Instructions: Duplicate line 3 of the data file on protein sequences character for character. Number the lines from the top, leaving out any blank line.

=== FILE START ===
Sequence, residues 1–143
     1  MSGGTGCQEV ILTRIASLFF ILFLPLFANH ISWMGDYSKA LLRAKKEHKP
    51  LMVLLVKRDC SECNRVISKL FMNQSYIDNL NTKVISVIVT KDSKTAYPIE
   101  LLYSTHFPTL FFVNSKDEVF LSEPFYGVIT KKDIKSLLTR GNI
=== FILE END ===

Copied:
    51  LMVLLVKRDC SECNRVISKL FMNQSYIDNL NTKVISVIVT KDSKTAYPIE